What are the sticking points of your community of faith that keep you all from becoming a missional congregation?
I thought I'd take a crack at that and here's what I posted:
The sticking point? If only there were just one! I see a host of impediments to the emergence of a missional culture - everything from clericalism and Biblical illiteracy to the hyperindividualism and consumeristic ethos of our civic culture. But there does seem to be one factor that exacerbates all the others and is the place I keep coming back to when I try to decide where to invest my energies.
There is a general lack of substantive relationships.
You can easily unveil this by looking at the one-anothers that describe healthy Christian community. For example, how common are relationships in our churches that are substantive enough to allow people to actually "admonish one another?" Not very.
Culture change - like faith itself - travels from person to person like a virus. You can stop a virus cold (so to speak) by isolating people from each other. Similarly, our community relationships are generally too distant to support a culture-change epidemic. We don't "breathe each others air" enough to transmit anything.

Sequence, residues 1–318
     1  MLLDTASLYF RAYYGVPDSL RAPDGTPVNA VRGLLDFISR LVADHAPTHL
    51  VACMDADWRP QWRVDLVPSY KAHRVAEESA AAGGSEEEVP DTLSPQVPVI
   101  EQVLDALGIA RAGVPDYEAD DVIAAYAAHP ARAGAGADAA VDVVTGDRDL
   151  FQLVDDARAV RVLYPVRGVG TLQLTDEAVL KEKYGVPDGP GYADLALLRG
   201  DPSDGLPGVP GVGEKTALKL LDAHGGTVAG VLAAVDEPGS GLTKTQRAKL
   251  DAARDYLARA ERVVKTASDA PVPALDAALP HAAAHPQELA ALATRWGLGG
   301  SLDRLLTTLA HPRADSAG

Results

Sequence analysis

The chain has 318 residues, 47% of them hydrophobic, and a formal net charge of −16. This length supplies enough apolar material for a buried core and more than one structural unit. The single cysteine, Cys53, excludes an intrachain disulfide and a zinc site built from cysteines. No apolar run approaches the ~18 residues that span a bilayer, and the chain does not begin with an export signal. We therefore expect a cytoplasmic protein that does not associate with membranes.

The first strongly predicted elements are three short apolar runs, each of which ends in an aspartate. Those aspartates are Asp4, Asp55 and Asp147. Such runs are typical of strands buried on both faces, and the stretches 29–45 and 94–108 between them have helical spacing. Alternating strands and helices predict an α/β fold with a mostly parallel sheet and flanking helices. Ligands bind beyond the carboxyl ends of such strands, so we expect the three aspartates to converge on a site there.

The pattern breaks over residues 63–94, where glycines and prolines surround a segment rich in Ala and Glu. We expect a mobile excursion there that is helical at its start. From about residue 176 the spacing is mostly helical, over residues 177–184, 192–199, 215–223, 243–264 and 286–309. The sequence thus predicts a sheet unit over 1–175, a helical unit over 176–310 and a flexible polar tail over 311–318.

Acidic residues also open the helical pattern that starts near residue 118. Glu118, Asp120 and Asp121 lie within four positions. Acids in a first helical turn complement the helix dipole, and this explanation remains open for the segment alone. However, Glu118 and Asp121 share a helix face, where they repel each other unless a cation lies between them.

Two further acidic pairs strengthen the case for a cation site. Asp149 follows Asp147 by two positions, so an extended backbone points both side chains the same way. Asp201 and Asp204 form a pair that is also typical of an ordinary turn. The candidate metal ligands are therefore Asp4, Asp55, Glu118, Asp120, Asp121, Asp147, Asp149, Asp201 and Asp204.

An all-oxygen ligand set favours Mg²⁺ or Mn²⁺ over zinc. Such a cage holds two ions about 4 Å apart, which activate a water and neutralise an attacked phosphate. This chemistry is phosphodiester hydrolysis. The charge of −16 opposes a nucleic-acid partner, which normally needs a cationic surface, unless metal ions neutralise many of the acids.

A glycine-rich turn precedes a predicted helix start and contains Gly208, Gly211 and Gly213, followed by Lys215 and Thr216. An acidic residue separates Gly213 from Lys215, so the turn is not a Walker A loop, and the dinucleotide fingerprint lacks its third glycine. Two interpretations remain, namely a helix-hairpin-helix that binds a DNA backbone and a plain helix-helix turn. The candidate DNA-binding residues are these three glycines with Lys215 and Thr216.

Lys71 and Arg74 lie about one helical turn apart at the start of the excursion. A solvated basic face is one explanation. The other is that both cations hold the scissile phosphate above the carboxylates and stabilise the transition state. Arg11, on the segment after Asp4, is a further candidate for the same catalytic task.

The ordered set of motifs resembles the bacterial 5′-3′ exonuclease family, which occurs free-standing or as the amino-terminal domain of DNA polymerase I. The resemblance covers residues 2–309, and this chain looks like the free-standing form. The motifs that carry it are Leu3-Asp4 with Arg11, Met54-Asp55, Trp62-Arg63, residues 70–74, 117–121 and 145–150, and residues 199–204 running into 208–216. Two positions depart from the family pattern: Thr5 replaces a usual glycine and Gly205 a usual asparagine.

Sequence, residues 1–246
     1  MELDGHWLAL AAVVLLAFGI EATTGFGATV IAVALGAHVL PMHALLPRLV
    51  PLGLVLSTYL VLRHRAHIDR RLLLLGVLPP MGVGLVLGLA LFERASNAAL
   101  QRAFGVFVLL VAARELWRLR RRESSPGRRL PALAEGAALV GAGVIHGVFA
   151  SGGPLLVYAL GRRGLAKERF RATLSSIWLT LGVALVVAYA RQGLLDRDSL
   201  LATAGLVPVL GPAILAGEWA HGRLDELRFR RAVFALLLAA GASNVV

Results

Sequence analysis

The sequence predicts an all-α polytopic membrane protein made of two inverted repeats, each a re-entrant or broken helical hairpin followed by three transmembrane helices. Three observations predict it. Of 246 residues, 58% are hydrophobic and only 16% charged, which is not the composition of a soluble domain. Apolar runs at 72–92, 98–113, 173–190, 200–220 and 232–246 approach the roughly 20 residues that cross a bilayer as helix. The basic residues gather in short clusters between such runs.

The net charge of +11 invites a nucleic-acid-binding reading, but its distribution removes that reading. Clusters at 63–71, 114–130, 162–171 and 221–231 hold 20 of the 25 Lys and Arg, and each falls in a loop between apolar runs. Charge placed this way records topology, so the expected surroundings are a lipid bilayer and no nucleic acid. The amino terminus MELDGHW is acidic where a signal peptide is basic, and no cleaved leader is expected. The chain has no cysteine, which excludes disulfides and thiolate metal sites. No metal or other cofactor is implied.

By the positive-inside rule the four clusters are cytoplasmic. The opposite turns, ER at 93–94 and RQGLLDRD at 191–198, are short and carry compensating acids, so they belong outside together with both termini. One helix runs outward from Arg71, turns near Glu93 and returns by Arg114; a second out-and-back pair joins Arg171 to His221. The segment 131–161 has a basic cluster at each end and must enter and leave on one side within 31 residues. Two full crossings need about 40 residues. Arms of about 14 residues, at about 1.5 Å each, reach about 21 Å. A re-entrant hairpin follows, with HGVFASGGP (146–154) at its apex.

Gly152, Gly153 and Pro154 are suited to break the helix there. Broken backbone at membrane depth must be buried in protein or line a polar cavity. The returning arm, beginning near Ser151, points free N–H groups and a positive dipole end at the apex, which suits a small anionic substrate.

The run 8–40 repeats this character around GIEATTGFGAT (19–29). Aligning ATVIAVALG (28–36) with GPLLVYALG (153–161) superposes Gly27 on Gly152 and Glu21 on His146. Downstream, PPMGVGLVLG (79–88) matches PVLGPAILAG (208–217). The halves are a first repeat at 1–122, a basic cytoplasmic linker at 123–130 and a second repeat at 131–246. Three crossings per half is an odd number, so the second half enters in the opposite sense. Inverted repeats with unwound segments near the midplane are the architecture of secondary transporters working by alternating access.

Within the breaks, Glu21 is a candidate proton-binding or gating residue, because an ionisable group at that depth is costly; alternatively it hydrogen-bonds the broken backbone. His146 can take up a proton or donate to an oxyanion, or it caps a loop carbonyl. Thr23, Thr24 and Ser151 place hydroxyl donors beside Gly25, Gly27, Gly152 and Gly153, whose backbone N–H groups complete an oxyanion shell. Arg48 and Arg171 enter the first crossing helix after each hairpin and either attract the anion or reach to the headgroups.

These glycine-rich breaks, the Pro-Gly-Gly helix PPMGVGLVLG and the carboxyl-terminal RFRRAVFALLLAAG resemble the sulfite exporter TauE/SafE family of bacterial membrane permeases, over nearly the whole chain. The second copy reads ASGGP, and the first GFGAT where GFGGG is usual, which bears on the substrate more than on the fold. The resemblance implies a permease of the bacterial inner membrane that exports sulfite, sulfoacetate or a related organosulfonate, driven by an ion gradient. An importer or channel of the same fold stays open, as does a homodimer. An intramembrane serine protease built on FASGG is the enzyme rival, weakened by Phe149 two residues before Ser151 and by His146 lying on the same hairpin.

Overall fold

Our primary gatherings may look like good places to catch something - Sunday services are something of a crowd scene. But there is very little relational contact that can take place in that setting. You may catch a cold by passing the peace, but you won't catch a missional culture that way.
Invest in small groups? Of course. But that's typically done as an add-on to Sunday services, as icing on the cake of everything else that's already entrenched in conventional congregational life. Most of our time & energy goes towards the large gathering which tends to have a small impact on a large number of people. Small groups, that have a larger impact on a smaller number, get the leftovers. That's a fundamental mis-alignment. (To see it graphically as a napkin diagram, go here: http://bit.ly/Misalignment
To switch metaphors from infection, think in terms of a nuclear chain reaction. To make that take place, the atoms have to be at a high density, packed very tightly together. Then as the neutrons fly, they release even more and the reaction multiplies.
Our "social density" is not high enough to support a "chain reaction" of missional culture change. In contrast, that's just what you see when the Church is "packed very tightly together" under persecution, often resulting in "explosive" growth.
So if I had to pick one factor above the others to focus on, I guess it would be social density. That's why I continue to be drawn to the house church movement - an eminently Lutheran expression and a subject for another time!